War of the Rebellion: Serial 090 Page 0240 OPERATIONS IN N. VA., W. VA., MD., AND PA. Chapter LV.

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the right, and was in the second line of battle in the preliminary move of the Third Division of that day, which was successful. In the final charge, at 5 p.m., owing to the nature of the ground, the line became somewhat broken, but though broken the advance was not checked. Part of this regiment was the first to enter the enemy's works that day, when they took two pieces of artillery and many prisoners. In following up from this point the regiment was very much broken. Upon reaching the pike the regiment formed upon its colors and marched to where the division was bivouacked. The loss was one enlisted man wounded.

Very respectfully, your obedient servant,

JOHN A. WOLCOTT,

First Lieutenant, Commanding Regiment.

Captain CHARLES H. LEONARD,

Assistant Adjutant-General.

HEADQUARTERS 151ST NEW YORK VOLUNTEERS,

November 2, 1864.

CAPTAIN: I have the honor to report the following action of this regiment in the engagement at Cedar Creek, October 19, 1864:

Before daylight on the 19th of October this regiment was aroused from sleep by the discharge of musketry and artillery, and before the tents could be struck and men equip themselves bullets showered in and about camp like rain. The whole camp equipage, however, was packed and the line formed without confusion, the regiment taking its place in the brigade line, which was formed upon the hill back of the camp and facing what had been the left flank. The larger portion of the men and officers were absent upon the picket-line, but the few left rallied round in support of the colors, and did only in the movement of the forenoon of that day. At 12 o'clock the balance of the regiment rejoined, and, with the brigade, moved in position in the new line formed. Here they built breast-works, but no attack was made upon this part of the line. At 3 p.m. the line moved forward. This regiment, with one other of the brigade, were the first to uncover, and thus drew the whole fire of the enemy's lines. By this the line became somewhat broken, but the colors and majority of the regiment moved forward in the line and followed up the retreating enemy.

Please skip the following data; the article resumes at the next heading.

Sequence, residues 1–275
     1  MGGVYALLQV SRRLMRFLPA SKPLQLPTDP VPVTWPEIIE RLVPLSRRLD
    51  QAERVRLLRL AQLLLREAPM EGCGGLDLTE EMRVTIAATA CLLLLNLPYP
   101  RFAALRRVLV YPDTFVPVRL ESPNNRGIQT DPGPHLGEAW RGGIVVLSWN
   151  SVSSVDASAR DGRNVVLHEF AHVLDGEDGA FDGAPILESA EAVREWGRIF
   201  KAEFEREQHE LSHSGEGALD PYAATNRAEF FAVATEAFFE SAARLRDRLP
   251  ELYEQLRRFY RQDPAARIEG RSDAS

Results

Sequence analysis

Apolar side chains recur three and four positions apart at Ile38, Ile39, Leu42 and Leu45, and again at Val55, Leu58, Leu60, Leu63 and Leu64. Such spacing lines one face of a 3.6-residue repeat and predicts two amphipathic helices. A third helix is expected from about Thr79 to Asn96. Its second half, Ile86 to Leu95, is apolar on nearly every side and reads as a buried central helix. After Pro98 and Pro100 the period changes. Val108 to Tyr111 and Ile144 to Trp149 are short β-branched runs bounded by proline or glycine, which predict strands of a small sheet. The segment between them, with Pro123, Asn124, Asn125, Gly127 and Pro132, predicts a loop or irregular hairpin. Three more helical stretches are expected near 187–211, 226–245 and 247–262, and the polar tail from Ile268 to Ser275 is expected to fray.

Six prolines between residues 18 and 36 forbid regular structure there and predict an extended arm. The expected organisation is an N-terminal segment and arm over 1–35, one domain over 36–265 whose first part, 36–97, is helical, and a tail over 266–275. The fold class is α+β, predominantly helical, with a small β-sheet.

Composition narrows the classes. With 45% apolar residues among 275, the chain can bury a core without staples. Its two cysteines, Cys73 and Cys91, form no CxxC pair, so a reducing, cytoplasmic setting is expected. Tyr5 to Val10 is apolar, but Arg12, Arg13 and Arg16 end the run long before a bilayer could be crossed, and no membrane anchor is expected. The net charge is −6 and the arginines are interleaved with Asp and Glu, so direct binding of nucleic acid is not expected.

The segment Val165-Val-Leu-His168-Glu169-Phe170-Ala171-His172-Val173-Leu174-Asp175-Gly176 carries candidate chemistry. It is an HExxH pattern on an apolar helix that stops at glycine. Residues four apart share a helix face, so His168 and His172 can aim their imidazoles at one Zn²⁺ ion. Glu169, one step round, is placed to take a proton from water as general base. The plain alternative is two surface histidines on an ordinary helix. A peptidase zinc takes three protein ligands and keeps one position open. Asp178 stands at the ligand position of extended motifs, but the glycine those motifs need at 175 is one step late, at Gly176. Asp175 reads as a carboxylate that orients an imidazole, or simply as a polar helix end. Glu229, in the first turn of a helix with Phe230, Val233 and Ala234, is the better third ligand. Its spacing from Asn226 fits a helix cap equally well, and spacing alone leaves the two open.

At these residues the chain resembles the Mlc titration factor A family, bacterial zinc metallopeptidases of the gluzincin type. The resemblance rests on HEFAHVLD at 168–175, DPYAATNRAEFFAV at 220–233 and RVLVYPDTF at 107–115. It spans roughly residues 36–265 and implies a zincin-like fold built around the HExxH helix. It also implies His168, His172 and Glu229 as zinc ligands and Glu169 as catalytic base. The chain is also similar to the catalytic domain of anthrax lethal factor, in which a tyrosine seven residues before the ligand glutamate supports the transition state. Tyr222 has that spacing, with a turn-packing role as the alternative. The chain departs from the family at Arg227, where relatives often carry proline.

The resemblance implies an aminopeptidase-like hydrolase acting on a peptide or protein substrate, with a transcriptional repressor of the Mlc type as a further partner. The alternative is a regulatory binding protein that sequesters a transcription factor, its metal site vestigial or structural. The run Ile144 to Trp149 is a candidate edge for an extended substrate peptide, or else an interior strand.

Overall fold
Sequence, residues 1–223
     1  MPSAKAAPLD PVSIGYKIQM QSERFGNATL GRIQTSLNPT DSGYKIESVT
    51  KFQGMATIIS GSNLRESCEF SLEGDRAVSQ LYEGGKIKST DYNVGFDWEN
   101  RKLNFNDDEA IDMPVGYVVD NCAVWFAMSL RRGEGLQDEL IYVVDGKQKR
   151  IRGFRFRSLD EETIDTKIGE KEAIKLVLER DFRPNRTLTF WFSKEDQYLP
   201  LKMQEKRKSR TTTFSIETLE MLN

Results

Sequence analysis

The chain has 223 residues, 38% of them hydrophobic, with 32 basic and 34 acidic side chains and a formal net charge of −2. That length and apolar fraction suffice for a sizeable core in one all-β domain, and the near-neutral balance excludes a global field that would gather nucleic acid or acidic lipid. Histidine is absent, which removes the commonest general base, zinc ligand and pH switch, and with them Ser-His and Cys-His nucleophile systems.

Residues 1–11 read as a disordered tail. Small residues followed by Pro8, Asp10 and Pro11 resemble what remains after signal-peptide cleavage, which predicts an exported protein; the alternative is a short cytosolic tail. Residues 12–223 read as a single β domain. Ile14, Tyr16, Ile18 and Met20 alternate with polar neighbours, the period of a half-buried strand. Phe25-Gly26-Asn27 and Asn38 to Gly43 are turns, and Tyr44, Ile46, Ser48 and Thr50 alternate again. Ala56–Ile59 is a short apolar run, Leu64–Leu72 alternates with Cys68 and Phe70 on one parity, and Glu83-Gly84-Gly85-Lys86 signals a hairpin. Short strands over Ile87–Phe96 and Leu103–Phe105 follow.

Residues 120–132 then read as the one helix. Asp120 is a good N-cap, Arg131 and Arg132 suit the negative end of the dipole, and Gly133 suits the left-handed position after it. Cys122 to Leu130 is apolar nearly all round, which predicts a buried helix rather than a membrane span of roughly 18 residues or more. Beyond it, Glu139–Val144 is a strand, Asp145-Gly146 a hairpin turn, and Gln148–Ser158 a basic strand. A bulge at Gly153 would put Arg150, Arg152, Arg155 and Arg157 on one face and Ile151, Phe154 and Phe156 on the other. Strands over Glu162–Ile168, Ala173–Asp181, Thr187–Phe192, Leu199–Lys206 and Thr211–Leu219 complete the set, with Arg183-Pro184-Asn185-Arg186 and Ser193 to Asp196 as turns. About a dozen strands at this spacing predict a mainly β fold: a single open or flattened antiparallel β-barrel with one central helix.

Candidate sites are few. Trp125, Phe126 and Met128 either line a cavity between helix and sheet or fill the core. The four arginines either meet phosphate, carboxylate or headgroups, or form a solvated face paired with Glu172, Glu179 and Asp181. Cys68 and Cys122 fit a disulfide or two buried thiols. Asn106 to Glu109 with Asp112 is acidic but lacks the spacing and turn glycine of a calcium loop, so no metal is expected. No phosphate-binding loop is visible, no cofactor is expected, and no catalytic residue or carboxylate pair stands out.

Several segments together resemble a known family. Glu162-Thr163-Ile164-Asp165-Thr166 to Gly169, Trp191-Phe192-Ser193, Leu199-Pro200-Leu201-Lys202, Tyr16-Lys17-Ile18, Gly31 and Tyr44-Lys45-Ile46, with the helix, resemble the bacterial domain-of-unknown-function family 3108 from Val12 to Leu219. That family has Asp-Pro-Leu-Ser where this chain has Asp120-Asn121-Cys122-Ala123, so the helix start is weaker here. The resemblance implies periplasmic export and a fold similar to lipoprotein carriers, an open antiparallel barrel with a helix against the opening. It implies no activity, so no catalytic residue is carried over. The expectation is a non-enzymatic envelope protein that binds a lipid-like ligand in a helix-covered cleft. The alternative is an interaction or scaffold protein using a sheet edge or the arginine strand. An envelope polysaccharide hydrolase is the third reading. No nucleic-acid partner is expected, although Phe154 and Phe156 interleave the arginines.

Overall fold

Both men and officers acted with great coolness and bravery this day; but the bravery of the color-sergeant, Edward Heller, and the whole color guard are especially to be commended. When the line broke out upon the pike the colors of the One hundred and fifty-first were ahead of all others.

Lieutenant-Colonel Fay being sick, the regiment was commanded by Captain B. N. Wiles, who was wounded in the early part of the engagement, when the command devolved upon Captain H. A. Kimball.

The loss was 1 commissioned officer wounded and 1 enlisted man killed and 11 wounded.

Very respectfully, your obedient servant,

JOHN A. WOLCOTT,

First Lieutenant, Commanding Regiment.

Captain C. H. LEONARD,

Assistant Adjutant-General.